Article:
Process Choice in High-Conflict Divorce
Traditionally, alternative dispute resolution methods like mediation and collaborative divorce are seen as a good fit for couples who are civil to each other and simply need a professional to support them in the legal aspects of the process. But Bill Eddy argues that the non-adversarial processes are crucial for high-conflict people navigating divorce.
Bill Eddy is a lawyer, therapist, mediator and the co-founder and Training Director of the High Conflict Institute. He has become an international expert on managing disputes involving high-conflict personalities and personality disorders, and he provides training on the subject to professionals all over the world. Bill is a Certified Family Law Specialist and the Senior Family Mediator at the National Conflict Resolution Center in Sand Diego. He is the author of several books, including High Conflict People in Legal Disputes, Splitting: Protecting Yourself While Divorcing Someone with Borderline or Narcissistic Personality Disorder, and BIFF: Quick Responses to High-Conflict People.
Today, Bill sits down with Katherine to explain why high-conflict people need a non-adversarial divorce process. He shares the benefits of consulting a lawyer during the mediation process and the significance of going into alternative dispute resolution with a focus on the future. Bill describes what is involved in his pre-mediation coaching as well as his approach to mediation when a restraining order is involved. Listen in for Bill’s insight on communicating with high-conflict people and finding a lawyer who supports mediation and the collaborative divorce process.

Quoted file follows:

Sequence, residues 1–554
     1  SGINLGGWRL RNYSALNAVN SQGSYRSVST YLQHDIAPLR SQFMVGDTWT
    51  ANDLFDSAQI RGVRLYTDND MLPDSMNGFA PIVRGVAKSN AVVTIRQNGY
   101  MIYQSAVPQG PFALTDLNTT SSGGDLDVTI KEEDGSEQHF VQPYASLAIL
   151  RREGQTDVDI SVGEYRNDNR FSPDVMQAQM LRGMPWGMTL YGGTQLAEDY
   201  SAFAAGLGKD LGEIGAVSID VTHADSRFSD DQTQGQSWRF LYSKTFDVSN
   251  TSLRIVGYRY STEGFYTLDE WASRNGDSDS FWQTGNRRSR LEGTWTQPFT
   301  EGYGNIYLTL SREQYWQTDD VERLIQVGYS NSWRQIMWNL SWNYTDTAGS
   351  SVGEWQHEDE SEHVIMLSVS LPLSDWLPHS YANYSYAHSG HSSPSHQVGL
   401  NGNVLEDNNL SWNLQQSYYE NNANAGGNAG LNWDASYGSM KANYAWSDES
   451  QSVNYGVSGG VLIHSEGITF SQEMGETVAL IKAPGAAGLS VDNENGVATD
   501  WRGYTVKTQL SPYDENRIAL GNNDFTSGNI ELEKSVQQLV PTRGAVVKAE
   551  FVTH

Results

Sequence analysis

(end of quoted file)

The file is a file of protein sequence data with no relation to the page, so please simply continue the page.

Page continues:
Why high-conflict people need a non-adversarial divorce process
- Court escalates adversarial thinking
- Gives rise to false allegations, abuse
How high-conflict people are more sensitive to feeling attacked
The benefit of consulting a lawyer during the mediation process
The value of a divorce financial analyst in alternative dispute resolution
How informed consent serves as the key to a non-adversarial process
What’s involved in Bill’s pre-mediation coaching
How Bill handles mediation when a restraining order is involved
How collaborative teaches high-conflict couples communication skills
How parenting plans can be structured around limited contact in extreme cases
How the self-doubt people feel during divorce is exacerbated by lack of respect
The techniques Bill recommends for communicating with high-conflict people
- EAR—empathy, attention and respect
- BIFF—brief, informative, friendly and firm (i.e.: email, Facebook)
Why Bill suggests finding a lawyer who will support mediation/collaborative divorce
Connect with Bill Eddy
Connect with Katherine Miller
The New Yorker’s Guide to Collaborative Divorce by Katherine Miller
Call (914) 738-7765